One concrete power the national party does have over state parties is the seating of delegates at the national convention, where the party candidate is nominated for the presidential race. If a state party selects its delegates in a way the national party feels is inappropriate, then the national party will simply not recognize that state’s delegates — for example, the DNC refused to acknowledge the Mississippi Democratic Party delegation that had been elected through racially exclusionary rules at the 1964 Democratic National Convention.

There is also legal precedent that favors national parties over state parties when election rules conflict. According to Mayer, several clashes between state and national parties, notably between the DNC and the Wisconsin Democratic Party, as well as the Supreme Court ruling on Cousins v. Wigoda (1975), favored the national party over the state parties. In Cousins v. Wigoda, two sets of delegates claimed they had been elected to represent Illinois at the Democratic National Convention — one group according to state law, the other group backed by the DNC but not according to state law. Illinois courts found the DNC delegates in violation, but the Supreme Court ultimately ruled in favor of the DNC.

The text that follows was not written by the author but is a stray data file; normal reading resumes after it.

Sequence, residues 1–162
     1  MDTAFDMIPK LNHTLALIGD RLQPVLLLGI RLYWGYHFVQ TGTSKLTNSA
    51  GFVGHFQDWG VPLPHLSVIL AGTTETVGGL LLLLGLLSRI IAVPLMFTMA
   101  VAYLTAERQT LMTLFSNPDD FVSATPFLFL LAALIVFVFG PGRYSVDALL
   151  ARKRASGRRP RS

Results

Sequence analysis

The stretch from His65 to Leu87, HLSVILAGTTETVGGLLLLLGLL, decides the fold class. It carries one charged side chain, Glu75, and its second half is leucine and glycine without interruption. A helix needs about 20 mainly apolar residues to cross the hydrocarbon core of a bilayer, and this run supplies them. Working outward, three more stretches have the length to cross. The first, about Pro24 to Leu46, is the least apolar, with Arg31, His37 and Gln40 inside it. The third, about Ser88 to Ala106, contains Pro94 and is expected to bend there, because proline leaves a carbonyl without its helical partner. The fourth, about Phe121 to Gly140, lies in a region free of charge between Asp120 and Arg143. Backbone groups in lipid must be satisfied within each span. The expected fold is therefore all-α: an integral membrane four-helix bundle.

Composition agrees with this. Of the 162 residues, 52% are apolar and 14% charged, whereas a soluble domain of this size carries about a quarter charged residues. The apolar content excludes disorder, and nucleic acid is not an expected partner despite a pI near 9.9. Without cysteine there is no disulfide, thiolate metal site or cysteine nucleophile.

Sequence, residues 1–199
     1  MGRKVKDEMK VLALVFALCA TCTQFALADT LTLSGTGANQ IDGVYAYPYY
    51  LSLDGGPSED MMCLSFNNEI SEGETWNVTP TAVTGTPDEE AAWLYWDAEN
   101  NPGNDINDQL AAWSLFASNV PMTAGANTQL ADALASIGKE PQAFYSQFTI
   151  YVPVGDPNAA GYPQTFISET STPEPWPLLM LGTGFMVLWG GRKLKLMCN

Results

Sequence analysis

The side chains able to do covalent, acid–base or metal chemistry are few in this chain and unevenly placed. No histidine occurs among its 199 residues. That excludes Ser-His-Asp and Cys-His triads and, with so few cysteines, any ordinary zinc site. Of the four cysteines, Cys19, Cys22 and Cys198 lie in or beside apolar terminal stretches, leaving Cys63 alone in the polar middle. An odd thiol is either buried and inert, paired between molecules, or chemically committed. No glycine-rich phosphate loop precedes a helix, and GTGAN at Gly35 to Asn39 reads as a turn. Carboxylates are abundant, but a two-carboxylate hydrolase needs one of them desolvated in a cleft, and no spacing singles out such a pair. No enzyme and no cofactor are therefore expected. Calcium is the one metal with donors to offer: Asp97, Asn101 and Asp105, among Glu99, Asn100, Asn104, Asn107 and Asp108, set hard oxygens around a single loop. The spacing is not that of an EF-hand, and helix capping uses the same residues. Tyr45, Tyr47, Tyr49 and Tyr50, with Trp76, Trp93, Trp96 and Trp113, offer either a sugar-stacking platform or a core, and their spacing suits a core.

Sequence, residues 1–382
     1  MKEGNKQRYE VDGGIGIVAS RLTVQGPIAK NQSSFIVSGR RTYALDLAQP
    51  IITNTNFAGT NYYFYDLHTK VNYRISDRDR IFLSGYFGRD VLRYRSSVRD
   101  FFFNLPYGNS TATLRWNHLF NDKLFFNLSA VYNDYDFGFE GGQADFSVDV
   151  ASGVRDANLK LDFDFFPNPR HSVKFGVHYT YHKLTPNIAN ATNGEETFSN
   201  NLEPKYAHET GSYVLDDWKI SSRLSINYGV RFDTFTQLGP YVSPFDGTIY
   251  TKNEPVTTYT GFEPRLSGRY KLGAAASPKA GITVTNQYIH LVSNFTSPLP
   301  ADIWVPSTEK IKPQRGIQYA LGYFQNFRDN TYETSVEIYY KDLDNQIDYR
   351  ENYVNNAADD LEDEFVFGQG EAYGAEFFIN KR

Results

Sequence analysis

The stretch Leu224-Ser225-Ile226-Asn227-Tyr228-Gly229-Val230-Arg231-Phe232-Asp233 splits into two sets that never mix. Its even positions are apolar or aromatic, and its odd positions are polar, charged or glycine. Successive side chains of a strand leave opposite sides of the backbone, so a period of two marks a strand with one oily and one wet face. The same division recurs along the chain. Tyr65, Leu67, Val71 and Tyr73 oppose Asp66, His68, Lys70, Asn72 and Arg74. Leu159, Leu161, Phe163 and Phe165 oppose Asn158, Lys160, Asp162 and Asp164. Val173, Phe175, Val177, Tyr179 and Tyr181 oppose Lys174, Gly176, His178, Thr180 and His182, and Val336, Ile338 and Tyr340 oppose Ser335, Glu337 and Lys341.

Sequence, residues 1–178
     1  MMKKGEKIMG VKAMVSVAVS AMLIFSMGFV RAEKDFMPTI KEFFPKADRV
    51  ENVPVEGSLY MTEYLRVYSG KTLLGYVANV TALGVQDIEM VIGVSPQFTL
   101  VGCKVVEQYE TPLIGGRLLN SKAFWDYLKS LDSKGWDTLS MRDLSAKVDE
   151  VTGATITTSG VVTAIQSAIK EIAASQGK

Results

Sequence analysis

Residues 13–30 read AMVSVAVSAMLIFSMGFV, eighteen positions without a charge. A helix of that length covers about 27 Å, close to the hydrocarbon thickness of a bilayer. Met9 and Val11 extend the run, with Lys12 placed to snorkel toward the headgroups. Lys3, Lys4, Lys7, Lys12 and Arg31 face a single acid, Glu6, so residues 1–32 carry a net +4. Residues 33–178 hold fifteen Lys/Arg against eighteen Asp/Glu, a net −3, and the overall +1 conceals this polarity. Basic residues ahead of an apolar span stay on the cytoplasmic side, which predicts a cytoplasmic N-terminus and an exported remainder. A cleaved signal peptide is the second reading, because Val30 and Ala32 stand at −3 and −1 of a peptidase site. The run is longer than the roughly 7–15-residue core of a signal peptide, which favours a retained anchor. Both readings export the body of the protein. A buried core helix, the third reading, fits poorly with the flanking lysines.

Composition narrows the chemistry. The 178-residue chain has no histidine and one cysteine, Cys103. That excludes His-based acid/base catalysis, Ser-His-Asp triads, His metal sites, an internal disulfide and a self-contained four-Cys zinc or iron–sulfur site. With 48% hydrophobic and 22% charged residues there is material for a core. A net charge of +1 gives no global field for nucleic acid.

“But that’s just a matter of legality — nobody doubted that the national party has it within their rights,” Mayer said. “It’s more about political power.”

The Republican and Democratic parties differ in how they assign delegates during the primaries. The DNC requires that state delegates are divided equally among men and women, and that primaries use proportional representation to assign delegates — candidates win the same proportion of delegates as they won in the popular vote. Under proportional representation, if a candidate wins 50 percent of the popular vote in a state with 20 delegates, then they are awarded half (ten) of those delegates.

The RNC, on the other hand, remains silent on the matter. States can use proportional representation, or they can use a winner-take-all approach — any candidate with a simple majority (no matter how slim) wins all the delegates for a state.

“The Democrats really relegate their state parties in really elaborate detail,” Mayer said. “The Republicans take a laissez-faire approach. In a way, it reflects the ideologies of the two parties.”

One rule that the two parties share is neutrality during the primary elections. While party leaders may show preference for a candidate on an individual level, the parties refrain from endorsing any one candidate.

“It’d be a violation of the understanding that exists of what the party is supposed to do,” Mayer said. “It would throw everything off.”